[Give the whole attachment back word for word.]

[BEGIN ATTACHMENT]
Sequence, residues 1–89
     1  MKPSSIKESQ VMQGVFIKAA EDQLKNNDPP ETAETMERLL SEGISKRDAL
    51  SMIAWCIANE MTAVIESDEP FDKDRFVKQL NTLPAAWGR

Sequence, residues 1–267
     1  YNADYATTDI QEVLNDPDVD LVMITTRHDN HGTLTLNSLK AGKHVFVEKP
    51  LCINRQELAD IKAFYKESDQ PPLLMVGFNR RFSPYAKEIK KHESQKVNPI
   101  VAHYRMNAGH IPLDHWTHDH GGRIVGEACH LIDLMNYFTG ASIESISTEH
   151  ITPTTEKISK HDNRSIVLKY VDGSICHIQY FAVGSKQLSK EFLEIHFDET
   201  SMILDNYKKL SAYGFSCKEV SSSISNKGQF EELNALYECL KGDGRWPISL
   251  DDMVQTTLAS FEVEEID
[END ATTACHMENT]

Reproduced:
Sequence, residues 1–89
     1  MKPSSIKESQ VMQGVFIKAA EDQLKNNDPP ETAETMERLL SEGISKRDAL
    51  SMIAWCIANE MTAVIESDEP FDKDRFVKQL NTLPAAWGR

Sequence, residues 1–267
     1  YNADYATTDI QEVLNDPDVD LVMITTRHDN HGTLTLNSLK AGKHVFVEKP
    51  LCINRQELAD IKAFYKESDQ PPLLMVGFNR RFSPYAKEIK KHESQKVNPI
   101  VAHYRMNAGH IPLDHWTHDH GGRIVGEACH LIDLMNYFTG ASIESISTEH
   151  ITPTTEKISK HDNRSIVLKY VDGSICHIQY FAVGSKQLSK EFLEIHFDET
   201  SMILDNYKKL SAYGFSCKEV SSSISNKGQF EELNALYECL KGDGRWPISL
   251  DDMVQTTLAS FEVEEID